Latin America is a land rich in opportunity. It was once a "new world," mystifying European settlers with powerful symbols of wealth, technology, and culture. Its fertile lands held the promise of abundant natural resources, both agricultural and industrial. Capitalism also has a rich history here, from pre-colonial trade to the coffee barons of nineteenth-century Brazil to burgeoning financial services today.

Yet, for all its allure, Latin America is a region defined by contradiction, of promise and change mitigated by bouts of boom and bust. For decades, Latin American countries witnessed currency crises, bank failures, hyperinflation—a violent cascade of every conceivable economic disaster. The region's long history with populism has exacerbated this tumultuous past. Rightly or wrongly, it is viewed as the "basket case" of emerging markets.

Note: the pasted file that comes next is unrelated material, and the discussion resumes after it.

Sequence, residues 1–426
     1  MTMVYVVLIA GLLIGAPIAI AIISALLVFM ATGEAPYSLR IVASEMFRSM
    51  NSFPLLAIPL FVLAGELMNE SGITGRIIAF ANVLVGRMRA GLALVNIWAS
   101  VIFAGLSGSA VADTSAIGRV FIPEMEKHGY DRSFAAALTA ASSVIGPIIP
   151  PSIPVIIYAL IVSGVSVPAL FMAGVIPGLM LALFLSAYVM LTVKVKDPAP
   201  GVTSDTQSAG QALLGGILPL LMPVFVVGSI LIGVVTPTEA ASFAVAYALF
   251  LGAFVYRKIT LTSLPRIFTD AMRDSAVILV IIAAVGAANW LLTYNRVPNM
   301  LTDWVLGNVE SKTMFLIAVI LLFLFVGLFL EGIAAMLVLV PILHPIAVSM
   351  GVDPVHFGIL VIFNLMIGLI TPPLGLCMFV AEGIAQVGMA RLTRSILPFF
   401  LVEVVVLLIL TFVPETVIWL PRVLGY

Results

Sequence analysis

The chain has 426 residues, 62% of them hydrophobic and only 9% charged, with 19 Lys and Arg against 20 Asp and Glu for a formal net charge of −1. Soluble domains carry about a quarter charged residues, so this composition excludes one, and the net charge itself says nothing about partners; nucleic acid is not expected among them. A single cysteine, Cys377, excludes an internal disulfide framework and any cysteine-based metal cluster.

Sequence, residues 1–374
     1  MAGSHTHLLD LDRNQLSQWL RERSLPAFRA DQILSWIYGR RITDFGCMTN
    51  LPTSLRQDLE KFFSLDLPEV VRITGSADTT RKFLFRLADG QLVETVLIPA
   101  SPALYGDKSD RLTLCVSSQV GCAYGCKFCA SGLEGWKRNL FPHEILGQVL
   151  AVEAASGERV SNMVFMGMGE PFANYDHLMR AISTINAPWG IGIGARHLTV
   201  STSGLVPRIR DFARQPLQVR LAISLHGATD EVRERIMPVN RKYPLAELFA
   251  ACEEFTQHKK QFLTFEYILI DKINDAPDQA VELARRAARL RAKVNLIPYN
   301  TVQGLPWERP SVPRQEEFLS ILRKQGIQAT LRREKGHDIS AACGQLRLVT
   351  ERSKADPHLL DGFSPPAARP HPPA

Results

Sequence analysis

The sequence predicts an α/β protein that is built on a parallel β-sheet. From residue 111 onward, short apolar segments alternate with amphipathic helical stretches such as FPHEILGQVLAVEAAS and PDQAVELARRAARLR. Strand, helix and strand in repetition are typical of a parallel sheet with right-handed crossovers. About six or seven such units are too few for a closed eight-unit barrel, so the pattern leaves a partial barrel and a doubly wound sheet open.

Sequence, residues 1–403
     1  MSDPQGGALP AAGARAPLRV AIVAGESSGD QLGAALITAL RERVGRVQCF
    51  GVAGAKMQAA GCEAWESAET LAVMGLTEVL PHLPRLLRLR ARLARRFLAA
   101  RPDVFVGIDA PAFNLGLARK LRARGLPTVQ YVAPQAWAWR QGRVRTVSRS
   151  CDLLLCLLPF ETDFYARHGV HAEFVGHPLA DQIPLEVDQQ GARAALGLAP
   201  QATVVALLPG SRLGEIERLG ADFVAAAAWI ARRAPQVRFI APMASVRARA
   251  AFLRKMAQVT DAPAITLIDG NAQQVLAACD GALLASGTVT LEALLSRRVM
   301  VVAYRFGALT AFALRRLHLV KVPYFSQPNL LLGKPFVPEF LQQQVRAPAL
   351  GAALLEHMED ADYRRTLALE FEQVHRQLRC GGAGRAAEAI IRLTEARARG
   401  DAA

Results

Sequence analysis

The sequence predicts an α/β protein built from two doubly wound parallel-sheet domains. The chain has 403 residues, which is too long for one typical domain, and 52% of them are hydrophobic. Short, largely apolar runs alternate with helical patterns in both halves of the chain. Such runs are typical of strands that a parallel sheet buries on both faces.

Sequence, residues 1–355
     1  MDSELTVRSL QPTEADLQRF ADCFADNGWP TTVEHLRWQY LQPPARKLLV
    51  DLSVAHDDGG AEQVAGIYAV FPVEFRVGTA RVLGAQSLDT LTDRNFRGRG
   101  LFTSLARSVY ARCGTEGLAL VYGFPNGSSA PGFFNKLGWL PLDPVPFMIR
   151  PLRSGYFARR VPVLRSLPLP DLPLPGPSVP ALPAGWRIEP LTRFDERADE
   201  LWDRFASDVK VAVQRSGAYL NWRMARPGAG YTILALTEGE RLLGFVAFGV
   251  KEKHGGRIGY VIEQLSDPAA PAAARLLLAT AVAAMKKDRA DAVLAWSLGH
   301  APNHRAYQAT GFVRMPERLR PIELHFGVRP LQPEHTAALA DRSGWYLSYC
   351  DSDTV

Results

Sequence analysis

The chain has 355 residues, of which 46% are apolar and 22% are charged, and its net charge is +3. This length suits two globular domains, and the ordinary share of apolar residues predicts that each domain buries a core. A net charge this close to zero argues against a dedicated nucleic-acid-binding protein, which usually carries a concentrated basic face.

Despite these flaws, Latin America's siren song has often proved too hard to resist. Just when it appears investments in the region should be shunned forever, recovery restores hope anew and investors flock again to its shores. Given Latin America's vast, resource-rich potential, this is justified. But an understanding of its deeply cyclical past is a crucial prerequisite for emerging markets investors. With this in mind, we chronicle the last few decades of Latin America's tumultuous history, starting with its often unique relationship between politics and economics.


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